The next chart shows a stock that "gapped down" from $29 to $25.20 between its previous close and its next opening. A stop order to sell at a stop price of $29--which would trigger at the market's open because the stock's price fell below the stop price and, as a market order, execute at $25.20--could be significantly lower than intended, and worse for the seller.


In a similar way that a "gap down" can work against you with a stop order to sell, a "gap up" can work in your favor in the case of a limit order to sell, as illustrated in the chart below. In this example, a limit order to sell is placed at a limit price of $50. The stock's prior closing price was $47. If the stock opened at $63.00 due to positive news released after the prior market's close, the trade would be executed at the market's open at that price--higher than anticipated, and better for the seller.


These inherent risks have prompted major stock exchanges, including the NYSE, BATS and Nasdaq to cease accepting stop orders. Though your broker may still accept your stop order, before you decide to use one, be sure to understand the inherent risks of this type of order.


If the market is volatile, and your sell stop order is triggered, your sell stop order may add downward price pressure on the stock. If your sell stop order is triggered during a precipitous price decline, the stop order also is more likely to result in an execution well below the stop price.


A stop-loss order is an order to buy a security as its price is rising and hits a specified stop price or to sell a security as its price is declining and reaches the stop price. The former is called a buy-stop, and the latter is called a sell-stop.


Most typically investors set sell-stop orders to protect the profits, or limit the losses, of a long position. When the stop price is reached, the stop-loss order converts to a market order and is usually executed immediately thereafter.


Key Takeaway: The main benefit of a stop-loss order is that it limits losses. There is a fairly high likelihood that the order will be executed, but it could be executed at a much higher or lower price than what is set in the order if the price falls or rises too quickly.


Let's assume that an investor buys 100 shares of XYZ Corp for $70/share, a total cost of $7,000. However, the price of XYZ declines to $60/share, making the position worth only $6,000. At this point, the investor is sitting on a $1,000 unrealized loss. If the investor decides that they are unwilling to accept losses more than $2,000 on their position of XYZ, they can set a stop-loss order to sell the shares at the $50 price level. If the price of XYZ does drop to $50 or lower, the 100 shares will be automatically sold at the best available transaction price, protecting the investor from any additional losses.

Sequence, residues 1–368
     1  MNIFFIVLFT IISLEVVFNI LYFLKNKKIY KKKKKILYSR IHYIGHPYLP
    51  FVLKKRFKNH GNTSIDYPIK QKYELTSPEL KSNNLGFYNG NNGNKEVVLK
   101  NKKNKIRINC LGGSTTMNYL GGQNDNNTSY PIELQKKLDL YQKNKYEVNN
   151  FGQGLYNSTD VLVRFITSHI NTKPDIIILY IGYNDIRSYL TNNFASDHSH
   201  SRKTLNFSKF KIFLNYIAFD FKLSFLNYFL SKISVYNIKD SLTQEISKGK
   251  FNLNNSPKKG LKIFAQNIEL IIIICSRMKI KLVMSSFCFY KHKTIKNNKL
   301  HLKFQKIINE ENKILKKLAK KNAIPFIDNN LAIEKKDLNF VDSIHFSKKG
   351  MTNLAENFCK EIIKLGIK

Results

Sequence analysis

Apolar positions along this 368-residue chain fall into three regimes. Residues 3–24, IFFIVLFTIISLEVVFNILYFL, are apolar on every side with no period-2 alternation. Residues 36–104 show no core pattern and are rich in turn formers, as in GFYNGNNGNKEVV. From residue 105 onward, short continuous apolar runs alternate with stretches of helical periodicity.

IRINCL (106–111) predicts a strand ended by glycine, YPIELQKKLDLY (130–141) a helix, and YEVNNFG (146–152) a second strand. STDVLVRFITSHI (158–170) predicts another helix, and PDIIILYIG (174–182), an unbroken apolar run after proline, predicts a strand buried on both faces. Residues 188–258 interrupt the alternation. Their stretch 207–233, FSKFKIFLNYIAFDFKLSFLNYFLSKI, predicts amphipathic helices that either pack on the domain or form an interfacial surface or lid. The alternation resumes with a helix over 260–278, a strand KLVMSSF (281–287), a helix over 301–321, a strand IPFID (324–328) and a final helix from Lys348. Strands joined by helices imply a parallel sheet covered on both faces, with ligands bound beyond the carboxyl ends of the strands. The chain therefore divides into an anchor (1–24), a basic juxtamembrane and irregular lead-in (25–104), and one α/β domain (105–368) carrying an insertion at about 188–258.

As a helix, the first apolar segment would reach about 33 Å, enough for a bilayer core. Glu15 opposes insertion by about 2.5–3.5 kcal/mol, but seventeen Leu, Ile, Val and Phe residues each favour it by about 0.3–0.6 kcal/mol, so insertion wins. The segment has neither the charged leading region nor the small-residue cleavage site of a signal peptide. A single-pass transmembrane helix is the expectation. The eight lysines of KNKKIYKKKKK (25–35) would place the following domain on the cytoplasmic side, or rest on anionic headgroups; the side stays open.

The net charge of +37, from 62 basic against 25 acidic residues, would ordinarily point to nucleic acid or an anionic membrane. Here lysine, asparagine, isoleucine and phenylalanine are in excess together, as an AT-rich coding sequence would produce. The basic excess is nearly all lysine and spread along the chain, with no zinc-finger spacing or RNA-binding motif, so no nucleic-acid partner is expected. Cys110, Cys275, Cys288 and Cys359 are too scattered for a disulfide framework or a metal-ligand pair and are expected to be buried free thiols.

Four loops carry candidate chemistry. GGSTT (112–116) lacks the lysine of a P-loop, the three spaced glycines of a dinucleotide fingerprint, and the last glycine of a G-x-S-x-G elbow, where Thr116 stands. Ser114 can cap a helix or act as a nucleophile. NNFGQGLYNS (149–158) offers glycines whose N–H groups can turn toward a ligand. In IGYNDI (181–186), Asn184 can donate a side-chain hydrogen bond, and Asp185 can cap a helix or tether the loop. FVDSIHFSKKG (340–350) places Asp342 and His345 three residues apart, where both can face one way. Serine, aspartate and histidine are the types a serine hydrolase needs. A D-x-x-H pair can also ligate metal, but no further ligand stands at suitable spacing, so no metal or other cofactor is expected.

A stop-limit order is similar to a basic stop order, but with one added condition. With a stop-limit, the investor not only specifies a stop price, but also a stop limit price. If the security in question reaches the stop price, this will trigger a limit order (instead of a market order for a regular stop order). The trade will only execute once the trigger price is reached and the limit price can be executed.


The benefit of a stop-limit order is that it guarantees a minimum trade price for sells, or maximum trade price for buys. The drawback is that the order might not be executed even if the stop price has been reached. If a stock experiences a sharp price movement, it could move right through an investor's stop limit price, resulting in even greater losses on the position that wasn't divested.


Consider an investor who is long 100 shares of XYZ, and has entered a stop-sell order with a stop price of $50, and a stop limit price of $48.50. If shares of XYZ decline to the stop price of $50, the 100 shares of XYZ will be sold as long as a minimum price of $48.50 can be obtained. If the stock price has dropped sharply, and a sell order cannot be executed at $48.50 or higher, the 100 shares of XYZ will remain unsold.


Let's say an investor purchased 100 shares of Acme stock at $80, and that the price has increased to $100. The investor decides to set a stop-loss order at $90 in an attempt to protect some of their profits. Acme shares do eventually decline to $90. At that point, the stop-loss order becomes a market order, and the stock is sold at whatever the best available transaction price is at that moment. Let's assume Acme shares have low liquidity, and the best available price is $88.75. The stop-loss order will result in 100 shares of Acme being sold at $88.75.


Alternatively, the investor could have placed a stop-limit order instead of a simple stop-loss order. Let's assume they set a stop price of $90/share, at a stop limit of $89/share on their Acme stock holding. If the price of Acme shares declined to $90, but the best available transaction price at this point is only $88.75, the order will not be filled since that level is below the stop limit price of $89. In this scenario, the investor's position would be exposed to potential additional share prices declines. The investor's stop-limit order will only divest the shares of Acme if a price of $89 or higher can be realized. 041b061a72